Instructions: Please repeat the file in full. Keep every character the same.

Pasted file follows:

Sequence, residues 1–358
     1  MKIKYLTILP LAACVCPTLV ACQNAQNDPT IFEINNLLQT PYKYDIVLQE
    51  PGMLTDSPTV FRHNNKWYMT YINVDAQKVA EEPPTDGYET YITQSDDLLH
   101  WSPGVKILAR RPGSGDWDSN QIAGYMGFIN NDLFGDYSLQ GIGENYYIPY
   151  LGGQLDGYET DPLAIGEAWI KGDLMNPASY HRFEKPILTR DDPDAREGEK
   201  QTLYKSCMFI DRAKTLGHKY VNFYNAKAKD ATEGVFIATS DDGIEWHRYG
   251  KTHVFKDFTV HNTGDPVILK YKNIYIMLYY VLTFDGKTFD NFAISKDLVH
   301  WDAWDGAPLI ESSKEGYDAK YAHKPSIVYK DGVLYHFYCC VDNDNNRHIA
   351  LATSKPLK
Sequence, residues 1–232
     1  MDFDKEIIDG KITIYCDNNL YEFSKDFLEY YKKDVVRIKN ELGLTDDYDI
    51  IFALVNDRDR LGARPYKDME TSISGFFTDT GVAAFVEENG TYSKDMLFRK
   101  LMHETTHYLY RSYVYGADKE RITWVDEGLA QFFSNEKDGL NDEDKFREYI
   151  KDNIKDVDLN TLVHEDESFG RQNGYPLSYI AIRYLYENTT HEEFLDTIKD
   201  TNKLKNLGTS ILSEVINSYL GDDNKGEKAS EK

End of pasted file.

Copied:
Sequence, residues 1–358
     1  MKIKYLTILP LAACVCPTLV ACQNAQNDPT IFEINNLLQT PYKYDIVLQE
    51  PGMLTDSPTV FRHNNKWYMT YINVDAQKVA EEPPTDGYET YITQSDDLLH
   101  WSPGVKILAR RPGSGDWDSN QIAGYMGFIN NDLFGDYSLQ GIGENYYIPY
   151  LGGQLDGYET DPLAIGEAWI KGDLMNPASY HRFEKPILTR DDPDAREGEK
   201  QTLYKSCMFI DRAKTLGHKY VNFYNAKAKD ATEGVFIATS DDGIEWHRYG
   251  KTHVFKDFTV HNTGDPVILK YKNIYIMLYY VLTFDGKTFD NFAISKDLVH
   301  WDAWDGAPLI ESSKEGYDAK YAHKPSIVYK DGVLYHFYCC VDNDNNRHIA
   351  LATSKPLK
Sequence, residues 1–232
     1  MDFDKEIIDG KITIYCDNNL YEFSKDFLEY YKKDVVRIKN ELGLTDDYDI
    51  IFALVNDRDR LGARPYKDME TSISGFFTDT GVAAFVEENG TYSKDMLFRK
   101  LMHETTHYLY RSYVYGADKE RITWVDEGLA QFFSNEKDGL NDEDKFREYI
   151  KDNIKDVDLN TLVHEDESFG RQNGYPLSYI AIRYLYENTT HEEFLDTIKD
   201  TNKLKNLGTS ILSEVINSYL GDDNKGEKAS EK